The life of a graduate student is much less structured than that of an undergraduate. Hours in the classroom are fewer, although hours of course-related work are greatly increased. The structure that might have been imposed on your undergraduate life by the routine of a dormitory, sorority, or fraternity is gone. You may find yourself far from home for the first time, or you may find that your family responsibilities are increased by marriage or parenthood. In any case, there will be more responsibilities to juggle and fewer fixed points to rely upon.
The next sections consider the major elements in the life of a beginning graduate student, some tools to help manage the workload, and sanity preservation. See Sections 15.2 and 15.5 for relevant links.
Graduate school gives you new freedom and flexibility in your choice of courses, although it might be a year or two before you experience this.
While the typical undergraduate carries 15 or more credit hours, the typical graduate students carries 9 or fewer. Expectations from the instructors are higher, however: you really will need to allow one or more study hours for every class hour. Different professors have different styles. Sometimes the instructor will lecture to supplement the text, and you will be required to master the textbook material on your own. Sometimes there is no text, so outside hours are spent in doing the suggested reading or in filling in the gaps in the course notes. Sometimes the students do the bulk of the presentations, with the instructor acting as resource person.
Choosing courses for your first semester must be done with care. Make use of your official academic advisor, the instructors for the courses that interest you, and fellow students. If you have any doubt about whether you are over- or under-prepared for a course, talk to the instructor about your background and get advice.
If you enter graduate school unprepared in some aspect of your major, remedying that deficiency should be your first priority. Try to take the elementary courses you are missing within your first year of study, but make sure that you also include some graduate courses if possible so that you can hasten your adjustment to graduate life.
Most departments have a set of course requirements or a set of exams that students are expected to pass within a given amount of time. Your second priority is to take the courses that will lead you to fulfilling these requirements. It is tempting to sign up during your first semester for several advanced seminars in a specialized area, but you cannot afford much time for this unless they fit into your plan of fulfilling the basic requirements. There will be time later to take advanced courses in the areas that interest you, and you may get a lot more out of those courses if you master the basics first.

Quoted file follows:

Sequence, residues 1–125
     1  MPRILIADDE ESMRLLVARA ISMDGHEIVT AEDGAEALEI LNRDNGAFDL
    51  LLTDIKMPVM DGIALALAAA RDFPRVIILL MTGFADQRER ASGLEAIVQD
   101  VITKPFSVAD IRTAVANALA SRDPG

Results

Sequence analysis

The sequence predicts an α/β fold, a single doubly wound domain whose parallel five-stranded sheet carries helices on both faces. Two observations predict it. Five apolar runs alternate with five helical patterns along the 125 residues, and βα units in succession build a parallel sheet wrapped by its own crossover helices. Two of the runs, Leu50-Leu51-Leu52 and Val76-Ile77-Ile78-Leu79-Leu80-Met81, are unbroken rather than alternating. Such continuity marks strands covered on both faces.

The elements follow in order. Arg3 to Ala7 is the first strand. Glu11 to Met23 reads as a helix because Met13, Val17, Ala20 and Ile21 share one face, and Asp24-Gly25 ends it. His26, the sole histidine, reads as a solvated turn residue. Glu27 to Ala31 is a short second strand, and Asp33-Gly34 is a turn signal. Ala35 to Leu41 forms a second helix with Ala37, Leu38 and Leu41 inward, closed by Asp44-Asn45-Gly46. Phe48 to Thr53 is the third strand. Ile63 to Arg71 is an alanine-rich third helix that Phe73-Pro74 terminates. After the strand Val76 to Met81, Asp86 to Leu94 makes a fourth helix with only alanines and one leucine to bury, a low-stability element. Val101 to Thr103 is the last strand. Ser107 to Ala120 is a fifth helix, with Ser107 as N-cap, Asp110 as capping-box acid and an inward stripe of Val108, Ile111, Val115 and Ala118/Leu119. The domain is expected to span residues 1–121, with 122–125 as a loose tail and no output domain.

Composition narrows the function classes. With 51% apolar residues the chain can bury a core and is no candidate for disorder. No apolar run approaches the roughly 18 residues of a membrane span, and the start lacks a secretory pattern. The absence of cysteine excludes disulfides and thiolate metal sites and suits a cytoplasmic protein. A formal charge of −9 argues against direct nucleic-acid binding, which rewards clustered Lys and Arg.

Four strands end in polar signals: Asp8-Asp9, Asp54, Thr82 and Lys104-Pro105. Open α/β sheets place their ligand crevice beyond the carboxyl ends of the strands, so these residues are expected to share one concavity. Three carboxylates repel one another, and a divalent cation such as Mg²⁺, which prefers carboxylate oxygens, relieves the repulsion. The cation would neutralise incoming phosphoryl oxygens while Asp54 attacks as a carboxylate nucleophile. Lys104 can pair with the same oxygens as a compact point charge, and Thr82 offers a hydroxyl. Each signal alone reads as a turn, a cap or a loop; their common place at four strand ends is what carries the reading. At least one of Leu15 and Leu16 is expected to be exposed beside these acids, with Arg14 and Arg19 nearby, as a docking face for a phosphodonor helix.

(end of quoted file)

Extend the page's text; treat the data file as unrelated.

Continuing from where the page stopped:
On the other hand, it is a good idea to develop a good working relationship with a person whom you consider to be a good candidate for a thesis advisor--someone actively working in an interesting field who is willing to make time for you. It might be useful to take one advanced course during your first year or so with this person. Ph.D. students will also want to get a small start on research if at all possible.
Once you have completed the basic course requirements, you have additional flexibility. Strive for breadth in your knowledge even if not required for graduation. Often careers take unexpected twists, and an area that is now peripheral to your interests may be central later on. Strive for depth in your research area: make sure that you understand the full range of research problems.
Once you are past all the hurdles and are working on your thesis, your course work should be very selective. Don't dilute your energy by taking too many courses, but don't miss special opportunities such as seminar courses by top researchers.
If more than one section of a course is offered, get advice on which instructor to choose. In general, regular faculty are to be preferred to visitors teaching basic courses, so that you get to know the people with whom you will be working. Try to choose faculty who are possible advisors. If that is not possible, choose the ones with the best teaching reputations, but try for a healthy mix of junior and senior faculty. Remember that eventually you will need a set of letters of recommendation in order to find a job, so it is a good idea to become known to the faculty early.
Don't make your course decisions in a vacuum. Talk to your advisor about what background would be helpful for work in a particular area. Talk to fellow students about what courses are most useful and what professors are best teachers. Talk to the instructors of courses you are considering if you have any doubts about the course syllabus or your preparation for the course.
The job of teaching assistant is a crucial one. The success of the course you are assigned rests in great part on your performance. The instructor sets the tone and the standards for the course, but you have several critical jobs:
Some useful teaching advice can be found in Section 15.7.
The job of a research assistant is amorphous, ranging from clerical help in finding references, to performing calculations or writing computer code to match precise specifications, to participation as an equal research partner with your supervisor. Usually the responsibilities increase with your experience, and if you find your duties to be too routine, make sure that your supervisor knows that you are ready for more responsibility.
You will probably be working on a very small part of a rather large project, but your role is crucial: